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How To Calculate Bulking Spoil Volume

We show you how to calculate the true value of excavation when digging earthworks projects.

Article By: Tom Ayre | Last Update: November 2020

Calculating bulking factors are an important element in earthworks / excavations projects big and small.

Having removed a small amount of earth in my garden I was surprised at how much volume the soil bulked out to. I had to hire a grab lorry as the volume would have been too much for a skip! When working on a large earth moving project it is even more critical to calculate this correctly.

Fun fact, the deepest hole ever dug was 7.5 miles into the earth, that’s a lot of soil!

Knowing the volume of material after an excavation has taken place is important because:

• Calculating accurate costs for removing material (muck away).
• Working out how and where to store the material.
• Factoring in the right amount of time to deal with the material.

In this blog article I will explain how bulking factors work, how to calculate by hand and give you a free to use calculator tool that will help with:

• Calculating bulking factor volume.
• Calculating how many trips to remove the material (muck away).
• Calculating how much storage you need.

Let’s get started!

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What Are Bulking Factors?

A bulking factor is a number that is multiplied by the volume of material to get a true reflection of the uncompacted volume.

Having removed a small amount of earth in my garden I was surprised at how much volume the soil bulked out to. I had to hire a grab lorry as the volume would have been too much for a skip! When working on a large earth moving project it is even more critical to calculate this correctly.

To use a bulking factor number you have to multiply the bulking factor number by the excavated volume size.

For instance, a bulking factor for Clay and Gravel is typically 1.15

If your excavation was 15 m3.

Your volume size would be 1.15 x 15 = 17.25 m3

You must consider the bulking factor of the material you are digging to ensure you correctly plan for the removal costs and time to do it in.

What Are Diggability Factors?

Each material that you excavate will have different properties in terms of how easy they are to dig.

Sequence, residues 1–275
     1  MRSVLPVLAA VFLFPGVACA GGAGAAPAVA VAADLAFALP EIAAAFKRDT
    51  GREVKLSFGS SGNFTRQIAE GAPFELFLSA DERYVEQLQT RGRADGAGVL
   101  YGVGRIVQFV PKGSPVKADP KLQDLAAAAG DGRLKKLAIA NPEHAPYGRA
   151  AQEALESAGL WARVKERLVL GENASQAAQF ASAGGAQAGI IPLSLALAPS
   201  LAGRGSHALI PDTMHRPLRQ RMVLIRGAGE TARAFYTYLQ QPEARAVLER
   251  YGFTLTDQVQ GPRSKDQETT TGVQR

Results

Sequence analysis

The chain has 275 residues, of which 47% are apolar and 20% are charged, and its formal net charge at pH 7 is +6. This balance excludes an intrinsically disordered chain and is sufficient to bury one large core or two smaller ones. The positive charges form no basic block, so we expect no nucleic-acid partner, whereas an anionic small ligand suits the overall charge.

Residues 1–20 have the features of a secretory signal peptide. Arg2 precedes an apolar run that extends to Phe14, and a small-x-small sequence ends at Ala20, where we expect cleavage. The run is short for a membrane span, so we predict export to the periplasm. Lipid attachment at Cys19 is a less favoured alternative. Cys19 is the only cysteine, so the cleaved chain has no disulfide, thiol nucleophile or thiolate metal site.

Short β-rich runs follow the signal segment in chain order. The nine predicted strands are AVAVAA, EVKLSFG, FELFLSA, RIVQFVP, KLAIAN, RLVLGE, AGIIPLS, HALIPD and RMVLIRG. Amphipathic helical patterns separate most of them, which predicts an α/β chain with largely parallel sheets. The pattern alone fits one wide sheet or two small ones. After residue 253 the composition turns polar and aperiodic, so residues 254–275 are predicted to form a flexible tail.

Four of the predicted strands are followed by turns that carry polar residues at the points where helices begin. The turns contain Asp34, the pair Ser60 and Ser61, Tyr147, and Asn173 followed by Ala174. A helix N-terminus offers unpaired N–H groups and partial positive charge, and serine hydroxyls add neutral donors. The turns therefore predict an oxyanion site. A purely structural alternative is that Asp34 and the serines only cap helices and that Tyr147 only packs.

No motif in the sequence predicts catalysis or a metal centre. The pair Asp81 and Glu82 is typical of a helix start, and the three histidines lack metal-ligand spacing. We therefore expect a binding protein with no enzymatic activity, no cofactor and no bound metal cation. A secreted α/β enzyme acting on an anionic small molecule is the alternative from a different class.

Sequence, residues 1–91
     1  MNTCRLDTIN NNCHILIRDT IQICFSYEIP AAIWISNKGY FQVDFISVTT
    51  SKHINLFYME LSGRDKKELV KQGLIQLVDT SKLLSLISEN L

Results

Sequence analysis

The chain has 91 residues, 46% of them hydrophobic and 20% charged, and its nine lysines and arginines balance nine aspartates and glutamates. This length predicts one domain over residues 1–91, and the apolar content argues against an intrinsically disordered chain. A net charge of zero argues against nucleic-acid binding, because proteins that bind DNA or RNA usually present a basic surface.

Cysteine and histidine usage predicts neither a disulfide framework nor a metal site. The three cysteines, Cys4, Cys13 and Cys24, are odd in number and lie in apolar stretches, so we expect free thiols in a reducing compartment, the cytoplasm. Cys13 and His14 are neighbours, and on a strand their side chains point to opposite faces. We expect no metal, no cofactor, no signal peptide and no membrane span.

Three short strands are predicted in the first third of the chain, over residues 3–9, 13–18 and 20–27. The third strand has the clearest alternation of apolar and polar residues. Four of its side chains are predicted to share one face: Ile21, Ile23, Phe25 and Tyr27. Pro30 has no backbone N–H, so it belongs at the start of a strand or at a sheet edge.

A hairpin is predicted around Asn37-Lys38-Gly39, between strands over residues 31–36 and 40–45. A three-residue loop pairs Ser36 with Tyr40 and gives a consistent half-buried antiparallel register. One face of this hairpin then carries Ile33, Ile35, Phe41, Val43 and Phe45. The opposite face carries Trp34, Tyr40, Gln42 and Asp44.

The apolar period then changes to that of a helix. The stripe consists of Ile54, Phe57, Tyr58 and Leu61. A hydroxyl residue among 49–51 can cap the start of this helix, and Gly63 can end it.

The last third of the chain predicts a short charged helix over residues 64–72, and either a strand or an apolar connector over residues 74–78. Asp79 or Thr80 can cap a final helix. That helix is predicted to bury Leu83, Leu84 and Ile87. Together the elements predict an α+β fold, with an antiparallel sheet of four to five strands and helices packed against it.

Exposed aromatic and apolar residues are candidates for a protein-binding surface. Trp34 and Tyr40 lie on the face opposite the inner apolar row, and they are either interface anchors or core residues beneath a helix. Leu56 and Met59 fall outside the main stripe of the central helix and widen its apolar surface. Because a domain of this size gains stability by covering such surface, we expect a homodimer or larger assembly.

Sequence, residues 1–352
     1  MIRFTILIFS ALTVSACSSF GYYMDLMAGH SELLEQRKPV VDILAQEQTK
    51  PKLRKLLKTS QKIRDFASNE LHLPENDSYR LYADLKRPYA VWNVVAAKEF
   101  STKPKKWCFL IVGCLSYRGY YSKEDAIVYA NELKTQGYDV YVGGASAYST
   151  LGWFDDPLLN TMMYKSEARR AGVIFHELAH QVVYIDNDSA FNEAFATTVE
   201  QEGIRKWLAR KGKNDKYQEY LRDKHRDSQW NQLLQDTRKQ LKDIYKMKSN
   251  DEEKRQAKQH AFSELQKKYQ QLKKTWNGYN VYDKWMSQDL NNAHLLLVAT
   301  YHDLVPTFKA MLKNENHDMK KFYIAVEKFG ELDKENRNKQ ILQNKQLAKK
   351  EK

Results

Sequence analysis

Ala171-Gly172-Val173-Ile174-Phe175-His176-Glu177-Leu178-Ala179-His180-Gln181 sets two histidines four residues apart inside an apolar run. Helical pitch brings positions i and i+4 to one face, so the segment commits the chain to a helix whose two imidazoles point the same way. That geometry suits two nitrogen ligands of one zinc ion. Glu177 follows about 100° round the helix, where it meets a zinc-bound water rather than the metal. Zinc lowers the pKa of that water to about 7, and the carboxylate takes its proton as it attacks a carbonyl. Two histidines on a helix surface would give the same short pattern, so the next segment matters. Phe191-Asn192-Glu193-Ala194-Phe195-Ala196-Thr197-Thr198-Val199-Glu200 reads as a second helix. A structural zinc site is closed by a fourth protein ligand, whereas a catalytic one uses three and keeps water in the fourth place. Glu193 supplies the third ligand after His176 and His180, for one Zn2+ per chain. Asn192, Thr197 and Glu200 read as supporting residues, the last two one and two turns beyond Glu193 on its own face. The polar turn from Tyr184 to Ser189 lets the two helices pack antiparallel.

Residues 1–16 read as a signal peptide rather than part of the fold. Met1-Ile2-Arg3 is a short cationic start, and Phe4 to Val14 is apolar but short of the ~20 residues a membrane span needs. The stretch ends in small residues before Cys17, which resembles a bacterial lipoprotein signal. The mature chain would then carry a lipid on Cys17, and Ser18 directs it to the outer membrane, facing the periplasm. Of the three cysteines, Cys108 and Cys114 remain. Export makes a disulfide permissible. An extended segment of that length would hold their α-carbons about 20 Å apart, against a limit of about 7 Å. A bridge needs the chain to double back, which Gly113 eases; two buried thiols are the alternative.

The most common way of categorising a soils digability or ease of digging is:

• E = Easy digging – Loose free-running soils eg sands, fine gravels.
• M = Medium – Denser cohesive soils eg clayey gravel, low PI clays
• M-H = Medium to Hard – eg broken rock, wet heavy clay, gravel with boulders
• H = Hard – material requiring blasting and hard high PI clays

In our calculator below, you will see the materials digability using the “E”, “M”, “M-H”,”H” format.

Measuring The Volume

Estimating the amount of earth you are removing requires precise measurements which need to be carefully undertaken. For larger projects it may be useful to hire a land surveying company who can undertake a topographical land survey of the area for you.

Calculate Bulking Spoil Volume

Use this tool to:

• Calculate bulked out / excavation volume
• Calculate how many trips to remove (muck away) the material.
• Calculate how many storage units to store the material.

Bulking Out Spoil Volume Calculator

How To Calculate Volume Size

When calculating your volume size you will need accurate measurements. Depending on the size of the project it might be worth hiring a topographical survey company to measure the area / volume precisely.

Rectangular Excavation

Volume = W x H X L
Example = 1.5 x 2 x 8
= 24 m3

Cutting Excavation

Volume = ((H * W1) / 2) + (W2 * H) + ((H * W2) / 2)) * L
Example = ((0.5 * 0.3) / 2) + (1.5 * 0.5) + ((0.5 * 0.3) / 2)) * 2.1
= 1.89 m3

For more complicated volumes, use an online calculator such as the one here.